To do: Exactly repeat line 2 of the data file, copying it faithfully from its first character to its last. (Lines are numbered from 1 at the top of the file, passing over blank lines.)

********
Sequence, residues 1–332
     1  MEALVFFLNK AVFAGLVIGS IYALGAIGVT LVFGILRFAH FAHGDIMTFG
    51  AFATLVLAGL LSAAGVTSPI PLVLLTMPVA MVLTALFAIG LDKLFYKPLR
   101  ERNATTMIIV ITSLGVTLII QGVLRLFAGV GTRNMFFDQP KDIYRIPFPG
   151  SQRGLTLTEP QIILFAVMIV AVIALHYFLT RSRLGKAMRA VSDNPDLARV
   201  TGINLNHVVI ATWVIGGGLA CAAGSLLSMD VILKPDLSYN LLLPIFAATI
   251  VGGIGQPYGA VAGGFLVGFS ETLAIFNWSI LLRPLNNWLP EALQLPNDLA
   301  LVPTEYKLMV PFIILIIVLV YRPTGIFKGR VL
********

     1  MEALVFFLNK AVFAGLVIGS IYALGAIGVT LVFGILRFAH FAHGDIMTFG